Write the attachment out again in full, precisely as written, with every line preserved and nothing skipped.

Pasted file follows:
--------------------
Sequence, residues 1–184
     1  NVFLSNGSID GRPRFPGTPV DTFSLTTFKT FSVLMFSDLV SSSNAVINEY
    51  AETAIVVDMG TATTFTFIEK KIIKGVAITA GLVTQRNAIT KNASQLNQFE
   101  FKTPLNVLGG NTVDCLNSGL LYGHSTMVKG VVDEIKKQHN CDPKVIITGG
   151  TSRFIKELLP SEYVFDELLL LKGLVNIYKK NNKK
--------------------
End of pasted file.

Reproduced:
Sequence, residues 1–184
     1  NVFLSNGSID GRPRFPGTPV DTFSLTTFKT FSVLMFSDLV SSSNAVINEY
    51  AETAIVVDMG TATTFTFIEK KIIKGVAITA GLVTQRNAIT KNASQLNQFE
   101  FKTPLNVLGG NTVDCLNSGL LYGHSTMVKG VVDEIKKQHN CDPKVIITGG
   151  TSRFIKELLP SEYVFDELLL LKGLVNIYKK NNKK